State Sen. Jeff Brandes for years has wanted a justice system more interested in outcomes than vengeance.
“Our prisons are horrible places,” the St. Petersburg Republican said. “There is no education. You are very likely not to have any programming inside the prison you are going to. Largely, people leave prison deeply traumatized and not rehabilitated in any way.”
Now, he’s filed a series of bills aimed at reforming the system in the Sunshine State.
The legislation covers a variety of issues.
One bill (SB 552) revised thresholds for sentencing points. “It gives judges more discretion, something judges asking for a long time,” Brandes said.
Another (SB 556) looks at more humane treatment of inmates in the last year of their life. Basically, those who have served more than 10 years in prison and are over 70 years old (sand murderers and sex offenders) can seek supervised release.
The state has a process where those receiving palliative care can seek relief from the sentence, but Brandes’ bill aims to streamline that significantly.
“We want people to pass at home with family if at all possible,” Brandes said.
Yet another piece of legislation (SB 554) would revise mitigating circumstances to allow for the lowest possible sentence that’s reasonably justified.
The totality of the proposals represents an attempt to change the overall philosophy of the corrections system in the state of Florida. He calls it a paradigm shift away from punishment and toward public safety as the primary mission of the justice system.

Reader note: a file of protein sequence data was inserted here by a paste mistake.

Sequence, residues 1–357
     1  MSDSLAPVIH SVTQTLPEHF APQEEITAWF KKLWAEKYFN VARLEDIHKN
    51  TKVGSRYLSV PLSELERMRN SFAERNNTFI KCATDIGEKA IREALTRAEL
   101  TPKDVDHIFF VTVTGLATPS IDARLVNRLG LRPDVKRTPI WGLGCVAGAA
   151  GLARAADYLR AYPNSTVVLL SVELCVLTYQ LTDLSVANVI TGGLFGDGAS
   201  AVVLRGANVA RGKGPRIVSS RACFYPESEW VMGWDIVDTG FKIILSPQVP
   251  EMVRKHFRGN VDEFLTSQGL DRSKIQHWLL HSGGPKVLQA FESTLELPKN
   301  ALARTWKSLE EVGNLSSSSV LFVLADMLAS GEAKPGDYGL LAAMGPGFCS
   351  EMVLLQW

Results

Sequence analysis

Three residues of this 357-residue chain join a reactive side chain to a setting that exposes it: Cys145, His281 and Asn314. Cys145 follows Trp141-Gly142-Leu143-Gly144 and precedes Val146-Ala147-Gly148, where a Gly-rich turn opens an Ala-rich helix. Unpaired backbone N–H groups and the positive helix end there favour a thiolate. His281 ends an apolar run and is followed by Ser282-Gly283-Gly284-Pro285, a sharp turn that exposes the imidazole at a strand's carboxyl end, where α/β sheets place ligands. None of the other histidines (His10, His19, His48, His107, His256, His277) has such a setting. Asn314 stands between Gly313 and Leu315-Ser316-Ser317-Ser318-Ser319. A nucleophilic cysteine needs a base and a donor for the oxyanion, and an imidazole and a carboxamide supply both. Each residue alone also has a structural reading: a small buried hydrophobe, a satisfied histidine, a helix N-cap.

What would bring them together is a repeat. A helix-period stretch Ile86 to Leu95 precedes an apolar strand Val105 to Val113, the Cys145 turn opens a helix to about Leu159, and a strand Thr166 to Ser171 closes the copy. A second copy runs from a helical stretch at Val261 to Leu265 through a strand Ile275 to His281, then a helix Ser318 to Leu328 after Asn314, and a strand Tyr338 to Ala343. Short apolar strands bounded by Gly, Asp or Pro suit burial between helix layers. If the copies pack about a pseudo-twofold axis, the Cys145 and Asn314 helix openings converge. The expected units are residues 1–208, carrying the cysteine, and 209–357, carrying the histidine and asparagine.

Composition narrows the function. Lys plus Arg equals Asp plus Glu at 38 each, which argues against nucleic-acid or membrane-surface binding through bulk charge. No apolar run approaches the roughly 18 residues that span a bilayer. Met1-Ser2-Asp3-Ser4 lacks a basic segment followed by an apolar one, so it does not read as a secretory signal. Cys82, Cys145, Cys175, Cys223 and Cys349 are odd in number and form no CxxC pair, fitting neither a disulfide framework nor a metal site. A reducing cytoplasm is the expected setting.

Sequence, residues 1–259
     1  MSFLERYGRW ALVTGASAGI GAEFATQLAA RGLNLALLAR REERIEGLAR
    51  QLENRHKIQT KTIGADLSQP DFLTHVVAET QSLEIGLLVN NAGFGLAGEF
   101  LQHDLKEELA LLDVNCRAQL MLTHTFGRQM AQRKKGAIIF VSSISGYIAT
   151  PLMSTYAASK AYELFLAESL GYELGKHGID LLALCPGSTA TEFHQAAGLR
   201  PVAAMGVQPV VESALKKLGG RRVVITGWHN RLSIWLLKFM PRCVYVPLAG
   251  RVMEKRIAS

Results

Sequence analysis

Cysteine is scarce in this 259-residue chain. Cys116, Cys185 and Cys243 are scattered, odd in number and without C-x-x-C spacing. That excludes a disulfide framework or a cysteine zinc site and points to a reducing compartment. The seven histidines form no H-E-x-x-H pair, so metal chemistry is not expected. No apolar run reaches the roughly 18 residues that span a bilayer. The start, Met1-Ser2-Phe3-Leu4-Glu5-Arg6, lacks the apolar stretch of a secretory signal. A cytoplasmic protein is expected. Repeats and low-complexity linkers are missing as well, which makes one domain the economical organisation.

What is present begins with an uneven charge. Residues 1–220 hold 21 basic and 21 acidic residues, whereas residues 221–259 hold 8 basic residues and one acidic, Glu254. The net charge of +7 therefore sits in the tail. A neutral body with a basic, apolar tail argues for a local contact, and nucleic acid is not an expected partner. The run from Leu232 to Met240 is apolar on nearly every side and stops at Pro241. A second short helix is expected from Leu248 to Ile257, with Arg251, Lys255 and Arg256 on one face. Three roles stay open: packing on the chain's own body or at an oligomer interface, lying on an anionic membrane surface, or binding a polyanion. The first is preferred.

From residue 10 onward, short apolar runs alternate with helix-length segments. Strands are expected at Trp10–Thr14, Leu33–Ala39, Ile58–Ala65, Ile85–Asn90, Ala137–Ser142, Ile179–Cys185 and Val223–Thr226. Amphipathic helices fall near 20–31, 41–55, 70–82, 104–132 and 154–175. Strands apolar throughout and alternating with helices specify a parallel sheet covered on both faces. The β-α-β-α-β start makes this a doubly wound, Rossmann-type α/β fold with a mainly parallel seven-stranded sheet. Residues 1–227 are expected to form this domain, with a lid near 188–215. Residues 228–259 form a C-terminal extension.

That doesn’t mean abandoning the concept of justice or ignoring the need to hold people accountable for their actions. But he wants actual correction in the behavior of those going through the system.
“Often, those spending a short time in prison leave us worse than when we get them,” he said. “They’re criminalized further in prison.”
That seems the opposite of progress.
It’s notable, of course, that the advocate for a greater focus on rehabilitation has taken heavy criticism this year for another issue.
Brandes last year served as the Senate sponsor for the implementing legislation for Amendment 4, a measure calling for restoration of voting rights after felons complete sentencing.
A federal judge on Friday temporarily blocked the law, saying requirements for meeting financial obligations of sentencing.
For Brandes, the legal fight is just a part of the process.
“Everybody knew we would need further discussions,” he said. “I’m excited to revisit issues and make sure complying with the will and the letter and spirit of constitutional amendment.”